1001 South African Songs You Must Hear Before You Go Deaf

Just another music list

Weeping – Bright Blue

Weeping – Bright Blue (It wasn’t Rory it was Wi Ping)

Bright Blue - Weeping

Bright Blue – Weeping

From the first dramatic drum beat to the sax laden fade via the neatly woven riff from Nkosi Sikelel iAfrika and poignant lyrics, this is arguably the most important South African song ever recorded. It is certainly one you should hear before you go deaf, and even after you’ve lost your hearing, you still need to listen to it. The sound is huge, the lyrics are angry (in a passive way) and hints at the end of apartheid drawing near.

Bright Blue had relocated to Johannesburg from Cape Town in the mid 80’s and one night in late 1987 at the Orange 338 Studio in Orange Grove, they recorded ‘Weeping’ along with ‘Yesterday Night’, apparently popping out at 2 in the morning to find Basil Coetzee at the Market theatre to lay down the sax solo that is now as iconic in South African music circles as Raphael Ravenscroft’s ‘Baker Street’ contribution is on the global scene.

Only 500 copies were originally pressed and interestingly the double A sided single listed the tracks as ‘Yesterday Night + Weeping’ which seems to indicate that perhaps the band thought the former (a nice jauntly Afropop tune) was going to be the bigger hit. It was released during a time of political turmoil in late 1987 and ‘Weeping’ topped the Radio 5 charts for 2 weeks in January 1988, no mean feat, given its illegal musical reference to the banned Nkosi Sikelel iAfrika.

A number of cover versions have appeared, most notably by Vusi Mahlasela, Qkumba Zoo and the international artist Josh Groban. An interesting acoustic live version by another SA great, Robin Auld, can be found on Youtube (sound quality not the best – see link below).

‘Weeping’ propelled Bright Blue from being the good eighties South African band, a reputation that their debut album ‘Bright Blue’ had suggested at, into one of the most important South African bands of all time.

Where to find it:

Lyrics

I knew a man who lived in fear
It was huge, it was angry, it was drawing near
Behind his house, a secret place
Was the shadow of the demon he could never face.

He built a wall of steel and flame
And men with guns, to keep it tame
Then standing back, he made it plain
That the nightmare would never ever rise again
But the fear and the fire and the guns remain.

It doesn’t matter now
It’s over anyhow
He tells the world that it’s sleeping
But as the night came round
I heard its lonely sound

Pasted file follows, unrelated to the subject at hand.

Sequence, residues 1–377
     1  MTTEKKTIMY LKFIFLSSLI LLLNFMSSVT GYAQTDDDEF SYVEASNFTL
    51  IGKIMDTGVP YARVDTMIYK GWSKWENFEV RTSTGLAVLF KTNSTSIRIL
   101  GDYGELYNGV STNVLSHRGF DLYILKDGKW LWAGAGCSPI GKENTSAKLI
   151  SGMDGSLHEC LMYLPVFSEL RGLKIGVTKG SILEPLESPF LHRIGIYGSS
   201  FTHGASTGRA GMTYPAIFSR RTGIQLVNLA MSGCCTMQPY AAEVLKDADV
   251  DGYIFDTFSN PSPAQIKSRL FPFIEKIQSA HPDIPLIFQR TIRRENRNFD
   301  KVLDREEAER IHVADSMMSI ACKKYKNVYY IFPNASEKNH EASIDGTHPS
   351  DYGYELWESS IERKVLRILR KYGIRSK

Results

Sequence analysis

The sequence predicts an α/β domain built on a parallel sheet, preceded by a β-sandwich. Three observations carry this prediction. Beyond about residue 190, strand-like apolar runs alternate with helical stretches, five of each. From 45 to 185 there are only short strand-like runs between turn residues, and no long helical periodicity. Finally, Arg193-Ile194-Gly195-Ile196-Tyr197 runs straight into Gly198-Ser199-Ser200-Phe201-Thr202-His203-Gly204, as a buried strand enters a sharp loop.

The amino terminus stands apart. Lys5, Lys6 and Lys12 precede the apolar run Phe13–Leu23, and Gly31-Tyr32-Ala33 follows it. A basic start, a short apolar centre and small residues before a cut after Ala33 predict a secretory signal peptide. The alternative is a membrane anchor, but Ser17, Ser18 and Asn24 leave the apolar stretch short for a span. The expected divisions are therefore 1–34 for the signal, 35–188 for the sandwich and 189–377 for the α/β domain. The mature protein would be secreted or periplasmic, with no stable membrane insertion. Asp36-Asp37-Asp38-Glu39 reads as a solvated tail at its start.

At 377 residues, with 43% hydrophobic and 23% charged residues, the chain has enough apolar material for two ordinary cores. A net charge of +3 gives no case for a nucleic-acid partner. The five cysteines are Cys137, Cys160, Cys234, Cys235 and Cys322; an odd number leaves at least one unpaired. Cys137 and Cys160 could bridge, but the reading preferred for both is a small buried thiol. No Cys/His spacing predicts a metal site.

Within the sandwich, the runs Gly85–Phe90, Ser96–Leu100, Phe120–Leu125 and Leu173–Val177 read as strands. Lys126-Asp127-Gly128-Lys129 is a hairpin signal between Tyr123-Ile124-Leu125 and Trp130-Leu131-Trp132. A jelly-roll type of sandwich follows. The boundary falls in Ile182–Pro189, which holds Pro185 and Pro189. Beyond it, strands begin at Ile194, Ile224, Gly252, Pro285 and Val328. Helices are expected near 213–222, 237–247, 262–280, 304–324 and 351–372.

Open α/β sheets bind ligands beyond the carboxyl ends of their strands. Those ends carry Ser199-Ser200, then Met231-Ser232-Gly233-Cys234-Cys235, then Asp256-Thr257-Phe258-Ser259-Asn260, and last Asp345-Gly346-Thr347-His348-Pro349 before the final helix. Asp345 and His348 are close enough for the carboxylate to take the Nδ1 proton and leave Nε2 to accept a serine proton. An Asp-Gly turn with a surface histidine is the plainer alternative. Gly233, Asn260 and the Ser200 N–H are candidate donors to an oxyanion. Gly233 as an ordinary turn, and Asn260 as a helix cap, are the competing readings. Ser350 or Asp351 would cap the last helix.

It wasn’t roaring, it was weeping
It wasn’t roaring, it was weeping.

SAX SOLO – Basil Coetzee

And then one day the neighbours came
They were curious to know about the smoke and flame
They stood around outside the wall
But of course there was nothing to be heard at all
“My friends”, he said, “We’ve reached our goal
The threat is under firm control
As long as peace and order reign
I’ll be damned if I can see a reason to explain
Why the fear and the fire and the guns remain.”

It doesn’t matter now
It’s over anyhow
He tells the world that it’s sleeping
But as the night came round
I heard its lonely sound
It wasn’t roaring, it was weeping
It wasn’t roaring, it was weeping.

SAX

It doesn’t matter now
It’s over anyhow
He tells the world that it’s sleeping
But as the night came round
I heard its lonely sound
It wasn’t roaring, it was weeping
It wasn’t roaring, it was weeping.

Composed by: Heymann/ Fox/ Cohen/ Cohen

Recorded and released by Bright Blue in 1987. One of South Africa’s greatest songs… includes instrumental references to ‘Nkosi Sikelel’ iAfrica’.

Thanks to Stephen Segerman.
Video:


Robin Auld Cover:


Josh Groban & Vusi Mahlasela Cover:

Website:

http://www.rock.co.za/brightblue

Single Post Navigation

3 thoughts on “Weeping – Bright Blue

  1. Pingback: Manenburg – Abdullah Ibrahim « 1001 South African Songs You Must Hear Before You Go Deaf

  2. roananhawes on said:

    Wow!!!!!!!!!!!!!!!!!!!!!!!!!!!!!!!!!

Leave a Reply

Fill in your details below or click an icon to log in:

WordPress.com Logo

You are commenting using your WordPress.com account. Log Out / Change )

Twitter picture

You are commenting using your Twitter account. Log Out / Change )

Facebook photo

You are commenting using your Facebook account. Log Out / Change )

Google+ photo

You are commenting using your Google+ account. Log Out / Change )

Connecting to %s

%d bloggers like this: